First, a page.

Can you imagine being able to die deliberately and clean-clear ? When we die we leave a mess. We should motivate and pray that instead of dying like a cow, we will die as Lama Tsongkhapa did. This is our human right. Pray that instead of dying in a depressed, miserable state, you will die blissfully. Make the resolution : When I die, I will control my emotions and die peacefully, just as Lama Tsongkhapa did. You must motivate, because motivation has power. When the time of your death comes, you will remember your resolution. On the other hand, if you don't have strong motivation now, you will end up shaking with terror and completely lose control when your death comes. If you have prepared yourself beforehand, you will remember what to do at the time of death.
At one point after Lama Je Tsongkhapa had passed away, Khedrun Je was sad because he felt that Lama Tsongkhapa's teachings were disappearing. Lama Tsongkhapa had explained the entire path to enlightenment thoroughly from beginning to end, from Hinayana to Paramitayana and Tantrayana, and thousands upon thousands of people had meditated upon his teachings and achieved realizations. However, Khedrub Je thought, Lama Je Tsongkhapa's teachings seem like a mirage. Unfortunately the Tibetan people are degenerating. He taught us not to cling to the desires of the sensory world, yet people have more grasping and more desires than ever.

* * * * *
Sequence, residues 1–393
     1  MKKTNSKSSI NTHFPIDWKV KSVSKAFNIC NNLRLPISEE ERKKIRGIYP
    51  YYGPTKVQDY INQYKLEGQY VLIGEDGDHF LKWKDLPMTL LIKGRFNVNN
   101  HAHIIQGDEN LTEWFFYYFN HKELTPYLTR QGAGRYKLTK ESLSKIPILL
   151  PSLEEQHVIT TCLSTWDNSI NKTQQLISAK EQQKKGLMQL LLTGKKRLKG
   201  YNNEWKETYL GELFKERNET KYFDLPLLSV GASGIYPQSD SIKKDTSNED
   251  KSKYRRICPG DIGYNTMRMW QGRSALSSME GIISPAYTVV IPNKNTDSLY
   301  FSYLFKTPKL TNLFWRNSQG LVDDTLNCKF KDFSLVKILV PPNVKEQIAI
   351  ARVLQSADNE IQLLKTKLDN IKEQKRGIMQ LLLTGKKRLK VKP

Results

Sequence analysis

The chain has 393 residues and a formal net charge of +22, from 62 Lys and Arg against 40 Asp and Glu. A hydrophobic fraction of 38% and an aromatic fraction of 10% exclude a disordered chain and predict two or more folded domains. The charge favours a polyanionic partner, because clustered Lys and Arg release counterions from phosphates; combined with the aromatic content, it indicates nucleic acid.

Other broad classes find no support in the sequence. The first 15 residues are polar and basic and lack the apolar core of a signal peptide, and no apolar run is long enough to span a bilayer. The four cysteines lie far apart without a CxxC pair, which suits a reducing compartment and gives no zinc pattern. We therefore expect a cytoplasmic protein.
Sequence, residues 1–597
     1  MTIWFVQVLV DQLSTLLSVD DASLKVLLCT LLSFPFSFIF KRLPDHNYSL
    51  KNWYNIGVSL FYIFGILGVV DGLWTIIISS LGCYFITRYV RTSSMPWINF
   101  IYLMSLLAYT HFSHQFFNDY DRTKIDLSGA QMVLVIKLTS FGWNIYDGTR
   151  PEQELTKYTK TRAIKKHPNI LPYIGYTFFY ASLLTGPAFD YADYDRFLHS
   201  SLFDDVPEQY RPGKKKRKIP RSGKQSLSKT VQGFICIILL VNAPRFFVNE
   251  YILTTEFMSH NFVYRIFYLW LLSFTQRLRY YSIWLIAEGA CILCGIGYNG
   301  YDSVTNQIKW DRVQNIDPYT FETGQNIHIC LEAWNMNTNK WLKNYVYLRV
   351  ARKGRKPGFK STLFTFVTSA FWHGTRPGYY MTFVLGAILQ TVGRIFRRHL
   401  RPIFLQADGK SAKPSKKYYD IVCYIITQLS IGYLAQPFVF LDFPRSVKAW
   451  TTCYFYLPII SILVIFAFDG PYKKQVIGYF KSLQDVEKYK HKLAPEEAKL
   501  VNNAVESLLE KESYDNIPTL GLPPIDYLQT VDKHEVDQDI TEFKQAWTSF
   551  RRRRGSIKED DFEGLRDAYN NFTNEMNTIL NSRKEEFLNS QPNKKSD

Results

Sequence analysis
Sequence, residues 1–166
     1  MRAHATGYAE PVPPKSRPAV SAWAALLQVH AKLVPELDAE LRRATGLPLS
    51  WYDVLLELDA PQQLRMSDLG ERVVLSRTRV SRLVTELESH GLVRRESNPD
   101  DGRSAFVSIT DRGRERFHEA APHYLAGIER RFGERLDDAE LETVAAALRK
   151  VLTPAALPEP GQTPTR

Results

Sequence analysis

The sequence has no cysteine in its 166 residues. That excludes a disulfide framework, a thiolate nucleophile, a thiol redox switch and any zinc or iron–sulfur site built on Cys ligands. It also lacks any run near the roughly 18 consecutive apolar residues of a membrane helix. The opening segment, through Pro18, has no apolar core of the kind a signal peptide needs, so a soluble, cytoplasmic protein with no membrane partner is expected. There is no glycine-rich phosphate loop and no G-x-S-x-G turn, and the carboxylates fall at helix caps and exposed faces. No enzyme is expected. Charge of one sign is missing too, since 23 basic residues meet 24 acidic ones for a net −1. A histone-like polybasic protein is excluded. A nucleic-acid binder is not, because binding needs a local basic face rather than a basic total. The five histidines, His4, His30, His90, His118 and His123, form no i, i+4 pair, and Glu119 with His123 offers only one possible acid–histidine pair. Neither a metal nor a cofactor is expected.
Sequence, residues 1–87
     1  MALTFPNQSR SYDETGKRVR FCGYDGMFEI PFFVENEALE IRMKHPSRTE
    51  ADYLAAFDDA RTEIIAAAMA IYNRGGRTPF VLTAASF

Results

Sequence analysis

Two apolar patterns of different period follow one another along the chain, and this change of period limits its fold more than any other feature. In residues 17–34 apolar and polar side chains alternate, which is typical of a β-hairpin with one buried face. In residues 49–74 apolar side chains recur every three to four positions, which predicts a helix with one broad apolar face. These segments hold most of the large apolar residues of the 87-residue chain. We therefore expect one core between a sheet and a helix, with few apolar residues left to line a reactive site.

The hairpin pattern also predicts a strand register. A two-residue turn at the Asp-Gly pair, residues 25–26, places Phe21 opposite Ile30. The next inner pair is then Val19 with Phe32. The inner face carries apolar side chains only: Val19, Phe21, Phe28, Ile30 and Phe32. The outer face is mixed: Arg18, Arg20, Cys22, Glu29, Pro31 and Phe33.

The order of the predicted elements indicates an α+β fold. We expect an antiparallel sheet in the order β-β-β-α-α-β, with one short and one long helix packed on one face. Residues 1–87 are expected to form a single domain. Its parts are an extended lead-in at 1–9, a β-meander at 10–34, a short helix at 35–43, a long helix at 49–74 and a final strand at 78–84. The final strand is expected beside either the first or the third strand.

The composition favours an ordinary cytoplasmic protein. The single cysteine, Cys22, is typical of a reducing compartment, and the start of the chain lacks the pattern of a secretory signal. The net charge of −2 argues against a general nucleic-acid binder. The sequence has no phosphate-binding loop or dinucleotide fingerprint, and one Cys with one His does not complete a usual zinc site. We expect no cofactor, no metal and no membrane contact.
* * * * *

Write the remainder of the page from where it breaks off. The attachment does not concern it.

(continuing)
Khedrub Je felt very sad, and he cried and cried. He then prayed and offered a mandala. Suddenly Lama Tsongkhapa appeared to him in a vision. He was in a youthful aspect, seated on a jeweled throne surrounded by deities, dakas, and dakinis. He said to Khedrub Je, My son, you shouldn't cry. My principal message is to practice the tantric path. Do this and then transmit the teachings to qualified disciples. Instead of crying you should help to do this as much as possible, and you will make me very happy.
At another time, Khedrub Je had some technical questions on tantric practice but could not find anyone who could answer them. Again he burst into tears. His heart was breaking. When he prayed strongly and offered a mandala, Lama Je Tsongkhapa again manifested to him in a vision and gave him many teachings and initiations.
At yet another time that Khedrun Je cried so hard and prayed so much, Lama Tsongkhapa manifested to him in the aspect of a mahasiddha. Reddish in color, he was holding a sword and a skullcup and riding on a tiger. He also manifested to Khedrub Je in the form of Manjushri and at another time in his usual form, but riding on a white elephant. Five visions appeared when, for different reasons, Khedrub Je and prayed to Lama Tsongkhapa.
Why do I tell these stories ? it is inspiring to know that Lama Je Tsongkhapa was without doubt a great yogi, a mahasiddha, and that Khedrub Je had such inner realizations that Lama Tsongkhapa would manifest when Khedrub Je simply called on him. You should also understand that Lama Tsongkhapa's principal field was tantra. Even though we are degenerate, we are very fortunate to have the chance to hear Lama Tsongkhapa's way of explaining the tantric path and to try to actualize it. Even if we do not know very much about Buddhist teachings, if we practice what we do know, Lama Tsongkhapa will be very happy with us.